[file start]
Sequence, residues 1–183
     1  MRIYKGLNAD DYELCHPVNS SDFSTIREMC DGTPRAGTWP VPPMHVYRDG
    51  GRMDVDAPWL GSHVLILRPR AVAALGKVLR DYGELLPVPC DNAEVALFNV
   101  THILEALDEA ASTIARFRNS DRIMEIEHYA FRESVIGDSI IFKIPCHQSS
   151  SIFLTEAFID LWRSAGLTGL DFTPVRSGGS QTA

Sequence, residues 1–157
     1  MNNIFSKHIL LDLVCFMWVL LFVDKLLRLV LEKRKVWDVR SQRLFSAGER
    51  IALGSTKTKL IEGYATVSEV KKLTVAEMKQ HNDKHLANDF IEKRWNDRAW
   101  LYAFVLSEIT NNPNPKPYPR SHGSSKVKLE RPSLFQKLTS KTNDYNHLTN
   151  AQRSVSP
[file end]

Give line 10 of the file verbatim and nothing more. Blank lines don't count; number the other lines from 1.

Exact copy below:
   151  AQRSVSP